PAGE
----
He taught the world about Mime
He taught us Mime
We Remember Our Teacher and Our Friend
The world has lost a great artist: Marcel Marceau! And we have lost a friend, mentor and teacher. For the last half of the 20th Century Marcel Marceau was Mime. But he was more than a mime because his talent transcended the Art of Mime to touch the world with his performance and creative genius. He shared that genius with his audience up to the end, showing that age holds no bounds.
Marcel Marceau was part of a long list of mimes, dating back to Ancient Greece. Before he took to the stage, the Art of Mime could be seen in the theatrical work of Max Reinhardt, Jean-Louis Barrault, and Etienne Decroux as well as with countless other mimes. And, in the 19th century, great mimes like Paul Legrand, and of course Jean-Gaspard Deburau. Mime was an art thriving when Marceau arrived on the scene. Marceau, however, took the art to a notch higher, maybe two notices higher.
The world knows of Marceau’s genius from his one-man shows with his partner Pierre Verry. Often over looked are the many full mime plays that he wrote, directed and performed. While his one-man shows, and Bip, offered great insights into the human condition, his mimodramas were plays that offered more. Some of these productions ran for over a year in Paris. Unfortunately, only a few of his mime plays toured. The Overcoat, toured to five cities in the United States in 1960-61.
The question has been asked: will Mime survive Marceau or will it die with him? Jean Dorcy posed this question in his 1960 book. We do not know for sure, but the answer is yes. Mime is too important an art to our world society to be lost, even if few recognize the art for what it is. With mime performances in every part of the globe from France to England, from Russia to Hong Kong, China to Chicago, it is difficult to see how it will not survive. Mime is alive and well today as it was when Marcel Marceau first entered the stage.
In 1846, the great French Mime Jean-Gaspard Deburau passed away. At that time all of Paris turned out and many thought the art would died with him, for he was Mime for his era. But Mime survived.
When Etienne Decroux began his life work with Mime, the art was beginning to stagnate, the times had changed and Mime was being left behind. Decroux changed the directions of the art and brought the art into the 20th century. And then, a hundred years after Deburau, in 1947, - Bip was born. Mime found a new Artist to capture the hearts of the people once again. With the legacy of students that Marceau has left from his two schools, Mime will continue to fascinate audiences around the world. We can only hope that the world need not wait until 2107 for the next keeper of the flame, the next Marcel Marceau.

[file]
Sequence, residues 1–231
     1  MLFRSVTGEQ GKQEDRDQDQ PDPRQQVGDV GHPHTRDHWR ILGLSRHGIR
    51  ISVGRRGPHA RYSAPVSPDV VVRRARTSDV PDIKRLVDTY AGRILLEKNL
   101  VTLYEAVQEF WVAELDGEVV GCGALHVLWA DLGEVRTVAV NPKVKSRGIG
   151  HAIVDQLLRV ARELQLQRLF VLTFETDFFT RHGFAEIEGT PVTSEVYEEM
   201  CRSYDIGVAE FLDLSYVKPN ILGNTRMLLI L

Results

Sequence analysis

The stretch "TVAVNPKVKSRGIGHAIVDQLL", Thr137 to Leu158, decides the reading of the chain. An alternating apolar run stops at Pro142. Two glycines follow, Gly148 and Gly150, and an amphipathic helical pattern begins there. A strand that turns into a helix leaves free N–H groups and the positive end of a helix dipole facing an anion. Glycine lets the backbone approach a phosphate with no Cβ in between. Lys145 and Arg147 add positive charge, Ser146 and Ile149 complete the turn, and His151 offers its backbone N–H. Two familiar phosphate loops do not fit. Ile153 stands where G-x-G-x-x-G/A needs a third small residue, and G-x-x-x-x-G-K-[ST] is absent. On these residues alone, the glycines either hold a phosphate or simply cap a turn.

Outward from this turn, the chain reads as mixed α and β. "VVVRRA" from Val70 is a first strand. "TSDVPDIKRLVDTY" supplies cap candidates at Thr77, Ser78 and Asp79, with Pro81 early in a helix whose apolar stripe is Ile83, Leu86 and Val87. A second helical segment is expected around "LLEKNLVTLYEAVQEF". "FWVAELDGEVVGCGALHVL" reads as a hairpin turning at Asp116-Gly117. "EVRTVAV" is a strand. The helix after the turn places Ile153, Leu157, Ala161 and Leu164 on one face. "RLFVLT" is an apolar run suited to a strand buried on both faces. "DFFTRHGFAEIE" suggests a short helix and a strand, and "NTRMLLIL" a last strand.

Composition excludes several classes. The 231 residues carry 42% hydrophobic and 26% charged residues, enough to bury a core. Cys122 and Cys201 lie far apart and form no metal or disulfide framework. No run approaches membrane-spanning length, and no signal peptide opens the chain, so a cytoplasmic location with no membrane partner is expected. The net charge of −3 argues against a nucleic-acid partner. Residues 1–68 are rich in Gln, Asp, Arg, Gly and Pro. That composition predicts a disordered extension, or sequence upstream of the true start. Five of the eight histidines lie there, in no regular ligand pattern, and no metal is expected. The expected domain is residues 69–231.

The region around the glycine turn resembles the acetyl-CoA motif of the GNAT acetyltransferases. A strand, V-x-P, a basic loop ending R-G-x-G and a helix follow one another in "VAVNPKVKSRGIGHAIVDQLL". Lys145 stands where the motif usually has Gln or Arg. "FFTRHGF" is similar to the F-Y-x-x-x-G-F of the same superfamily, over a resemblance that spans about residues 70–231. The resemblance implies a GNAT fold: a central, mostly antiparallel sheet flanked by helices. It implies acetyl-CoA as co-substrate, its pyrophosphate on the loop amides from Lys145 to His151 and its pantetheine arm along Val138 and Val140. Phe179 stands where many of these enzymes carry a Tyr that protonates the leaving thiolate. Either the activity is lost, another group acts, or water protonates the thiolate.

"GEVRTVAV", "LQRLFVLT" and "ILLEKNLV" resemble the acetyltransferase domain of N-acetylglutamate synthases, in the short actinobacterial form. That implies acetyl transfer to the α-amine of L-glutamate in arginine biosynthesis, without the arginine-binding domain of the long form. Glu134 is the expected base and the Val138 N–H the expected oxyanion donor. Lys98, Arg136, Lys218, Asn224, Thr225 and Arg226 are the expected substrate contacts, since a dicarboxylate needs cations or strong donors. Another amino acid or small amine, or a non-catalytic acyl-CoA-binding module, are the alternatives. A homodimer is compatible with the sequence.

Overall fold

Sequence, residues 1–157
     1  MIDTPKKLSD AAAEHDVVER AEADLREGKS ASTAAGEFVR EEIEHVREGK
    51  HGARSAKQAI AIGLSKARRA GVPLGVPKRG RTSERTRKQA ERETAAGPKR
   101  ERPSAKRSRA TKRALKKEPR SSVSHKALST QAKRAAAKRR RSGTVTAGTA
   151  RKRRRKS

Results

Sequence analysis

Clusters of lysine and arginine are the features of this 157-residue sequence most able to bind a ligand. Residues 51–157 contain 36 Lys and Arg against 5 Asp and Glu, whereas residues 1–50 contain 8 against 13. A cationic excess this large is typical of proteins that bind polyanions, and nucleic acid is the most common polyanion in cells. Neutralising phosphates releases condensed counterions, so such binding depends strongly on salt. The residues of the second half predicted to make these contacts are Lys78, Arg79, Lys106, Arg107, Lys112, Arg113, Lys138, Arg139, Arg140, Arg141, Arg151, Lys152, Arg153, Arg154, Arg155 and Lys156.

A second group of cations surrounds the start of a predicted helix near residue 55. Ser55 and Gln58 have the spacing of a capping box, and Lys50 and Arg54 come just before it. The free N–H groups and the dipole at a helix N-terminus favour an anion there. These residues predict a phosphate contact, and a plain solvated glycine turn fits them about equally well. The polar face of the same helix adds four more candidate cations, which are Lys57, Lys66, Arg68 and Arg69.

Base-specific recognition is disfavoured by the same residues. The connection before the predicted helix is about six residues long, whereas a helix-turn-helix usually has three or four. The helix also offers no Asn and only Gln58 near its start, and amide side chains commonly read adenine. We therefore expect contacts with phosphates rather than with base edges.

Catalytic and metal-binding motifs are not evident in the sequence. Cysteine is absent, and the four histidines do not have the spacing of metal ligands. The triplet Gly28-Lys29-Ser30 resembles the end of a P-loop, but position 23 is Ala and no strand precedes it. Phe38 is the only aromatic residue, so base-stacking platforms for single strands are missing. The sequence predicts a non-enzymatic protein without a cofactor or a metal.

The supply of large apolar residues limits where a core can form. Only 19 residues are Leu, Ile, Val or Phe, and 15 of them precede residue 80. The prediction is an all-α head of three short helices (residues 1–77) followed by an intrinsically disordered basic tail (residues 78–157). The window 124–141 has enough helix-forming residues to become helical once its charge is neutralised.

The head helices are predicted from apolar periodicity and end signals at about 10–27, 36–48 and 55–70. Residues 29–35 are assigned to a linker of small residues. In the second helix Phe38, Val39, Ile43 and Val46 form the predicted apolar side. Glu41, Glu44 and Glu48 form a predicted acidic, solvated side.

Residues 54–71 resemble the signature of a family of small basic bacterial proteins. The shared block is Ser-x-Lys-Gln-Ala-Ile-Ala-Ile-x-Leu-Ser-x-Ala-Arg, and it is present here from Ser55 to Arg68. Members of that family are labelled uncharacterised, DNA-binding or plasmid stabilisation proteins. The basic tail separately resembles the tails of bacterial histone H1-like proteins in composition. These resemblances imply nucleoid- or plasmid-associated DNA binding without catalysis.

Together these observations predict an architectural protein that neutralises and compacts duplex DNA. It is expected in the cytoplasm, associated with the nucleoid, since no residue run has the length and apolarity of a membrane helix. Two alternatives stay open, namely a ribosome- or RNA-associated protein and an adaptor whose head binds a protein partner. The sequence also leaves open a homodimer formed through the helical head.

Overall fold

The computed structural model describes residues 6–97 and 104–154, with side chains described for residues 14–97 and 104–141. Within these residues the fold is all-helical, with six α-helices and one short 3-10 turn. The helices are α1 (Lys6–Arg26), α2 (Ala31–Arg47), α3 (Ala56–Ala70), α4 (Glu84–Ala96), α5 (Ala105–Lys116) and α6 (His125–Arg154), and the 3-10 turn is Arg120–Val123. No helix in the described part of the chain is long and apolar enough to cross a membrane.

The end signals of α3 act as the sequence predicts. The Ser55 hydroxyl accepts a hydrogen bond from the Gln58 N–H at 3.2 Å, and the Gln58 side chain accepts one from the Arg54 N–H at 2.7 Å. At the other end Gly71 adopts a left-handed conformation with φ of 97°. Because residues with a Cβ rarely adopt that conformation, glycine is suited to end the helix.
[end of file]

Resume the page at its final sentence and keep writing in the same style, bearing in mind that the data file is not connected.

Marceau is no longer with us – he lies in Paris with Deburau, Decroux, Jean Louis Barrault and Jacques Lecoq. While these giants of Mime lie in France, the rest of us can pay our respect and homage by supporting the true Art of Mime that Marceau nurtured for 60 years.
Having first studied with Marceau in Paris at his newly formed school, we were to take classes, assist in productions and have countless discussions over the years. From a teacher he became a mentor, helping us with performances, ideas and connections. Eventually, the three of us became very good friends.
We will forever remember the moments the three of us shared, these will be ours forever; the late night discussions, dinner at our home in Chicago (every time he came to Chicago), visits to his home, telephone calls when his brother died, the calls when he almost died in Russia, his concerns about our family, our concerns about his family, our talks about Pierre’s health and the loss of dear Margaret, helping each other with new ideas, talking about new productions, discussions about theories about Mime and private moments of great significance. Who now can we talk with about the history of Mime, the importance of Mime and the beauty of Mime? We never asked him for a letter of recommendation. Our friendship went beyond to a professional level. We were satisfied with his private comments of praise.
We could not be in Paris to say a final farewell to our dear friend. We take solace in knowing he is and shall be in our souls forever.
So we say farewell to our friend, his gestures are no more. His spirit is with us; his spiritual gestures lives on in our gestures. He gave us our art and he will live on in each gesture we make.